Vic City Express is a fierce little book; tiny in size, but large in reach and impact. It will polarize readers with the message shouted out by one of the protagonists advocating the elimination of immigration, with not-so-subtle hints at the eradication of unwanted peoples. It takes place on a passenger train ride to Athens where an unfortunate man we’ll call the “reluctant listener” is seated across from a fellow Greek who has no trouble spewing virulent stories about his life growing up in Athens, his involvement in youth crimes, taking police beatings, how Greeks are outnumbered by non-Greeks in his building in Vic City (an area of Athens centered on the Victoria metro station) and so on.
“When did things change?” asks the reluctant listener of his offensive fellow passenger.
“Listen, pal, beats me. Like one minute it wasn’t and the next minute it was. We started hearing about it on TV, in the papers and so on. You were ashamed to say where you lived. […] One day I’m in Vic City and I look around me. Swarming with people, hundreds of them. ‘Easties, ‘Roccans, Pakis, you name it we got it. [..] When did it happen? I don’t know, but it was like, you go to sleep and it’s not there, and you wake up the next morning and here’s this mess, pal.”
Vic City Express an extraordinary example of creative fiction, (or a fictional essay), as it employs different writing styles throughout. Some of the conversations take place on the train, other times it is the angry man recounting portions of his life as if to himself, and other parts are curiously different, such as the portion entitled “Another Night” where the unpunctuated story rambles on almost incoherently, reading like the storyteller is on Speed.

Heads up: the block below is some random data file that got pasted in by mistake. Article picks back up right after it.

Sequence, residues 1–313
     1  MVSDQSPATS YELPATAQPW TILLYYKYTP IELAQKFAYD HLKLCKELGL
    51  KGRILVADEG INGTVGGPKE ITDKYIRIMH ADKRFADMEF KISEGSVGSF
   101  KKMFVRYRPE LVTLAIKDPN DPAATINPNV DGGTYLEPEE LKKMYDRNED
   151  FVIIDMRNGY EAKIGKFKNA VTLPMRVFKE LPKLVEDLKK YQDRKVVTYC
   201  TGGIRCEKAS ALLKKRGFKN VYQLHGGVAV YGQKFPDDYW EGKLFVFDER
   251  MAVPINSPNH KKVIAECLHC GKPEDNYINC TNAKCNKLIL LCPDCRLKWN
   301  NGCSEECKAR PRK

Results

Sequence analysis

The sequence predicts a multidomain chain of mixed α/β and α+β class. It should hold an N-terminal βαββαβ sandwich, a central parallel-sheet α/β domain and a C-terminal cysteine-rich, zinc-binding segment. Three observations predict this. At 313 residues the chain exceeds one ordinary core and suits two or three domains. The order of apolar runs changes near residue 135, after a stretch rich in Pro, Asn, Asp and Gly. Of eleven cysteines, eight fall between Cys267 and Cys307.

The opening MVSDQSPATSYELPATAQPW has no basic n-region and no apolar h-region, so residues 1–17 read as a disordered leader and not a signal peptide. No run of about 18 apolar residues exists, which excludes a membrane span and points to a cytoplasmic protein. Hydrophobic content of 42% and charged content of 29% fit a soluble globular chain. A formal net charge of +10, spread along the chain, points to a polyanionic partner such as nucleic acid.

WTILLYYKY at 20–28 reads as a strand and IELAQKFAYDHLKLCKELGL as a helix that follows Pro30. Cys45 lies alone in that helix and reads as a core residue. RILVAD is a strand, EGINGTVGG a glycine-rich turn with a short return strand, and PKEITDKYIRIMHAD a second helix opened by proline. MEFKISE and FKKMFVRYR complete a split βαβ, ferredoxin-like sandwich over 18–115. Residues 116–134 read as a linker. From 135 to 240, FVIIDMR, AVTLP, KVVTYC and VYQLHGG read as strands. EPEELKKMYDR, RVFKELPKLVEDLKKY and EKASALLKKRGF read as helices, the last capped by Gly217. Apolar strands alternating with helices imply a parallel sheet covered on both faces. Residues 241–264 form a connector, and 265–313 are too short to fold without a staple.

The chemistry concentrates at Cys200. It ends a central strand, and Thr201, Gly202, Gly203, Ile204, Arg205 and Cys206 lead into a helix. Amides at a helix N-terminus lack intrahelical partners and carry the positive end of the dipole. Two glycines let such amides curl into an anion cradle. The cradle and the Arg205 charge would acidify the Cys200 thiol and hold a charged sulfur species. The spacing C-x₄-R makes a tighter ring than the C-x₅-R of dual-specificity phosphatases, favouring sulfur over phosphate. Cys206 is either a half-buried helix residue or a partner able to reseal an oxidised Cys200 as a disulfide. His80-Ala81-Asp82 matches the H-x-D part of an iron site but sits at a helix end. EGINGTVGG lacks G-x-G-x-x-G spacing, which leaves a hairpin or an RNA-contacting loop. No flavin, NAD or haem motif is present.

As the ride goes on, the man gets louder and more demonstrative. The reluctant listener gets increasing wary of the man.
“He waves his hand up and down excitedly. I catch myself looking toward the other passengers to see if there’s anyone who could help should the need arise.”
In the Afterword by translator Fred A. Reed, he states that “Vic City Express introduces English-speaking readers to a Greece that they are unlikely ever to encounter. A Greece catastrophically impacted by the flood tides of globalization and the concomitant destruction of what once was a deeply traditional society.”
To be honest, I found the book a little bizarre at first and I left off reading it part way through. Then I decided to sit down and read it in one sitting as if I were on the train too. Suddenly, the full impact of this little book is truly felt. Even if you disagree with some (or all) of the angry man’s opinions, there are many in Europe and the Americas who would agree with him, for there is even a Greek neo-fascist movement called the Golden Dawn, who is now the country’s third-ranking political party. As I said at the beginning, this book will polarize, but it is a reflection (sad but true) of the times we live in and of the people, those whom you may just encounter on your next train ride into your city.
“A provocative non-dialogue.” Le Monde
Vic City Express by Yannis Tsirbas, translated by Fred A. Reed Baraka Books
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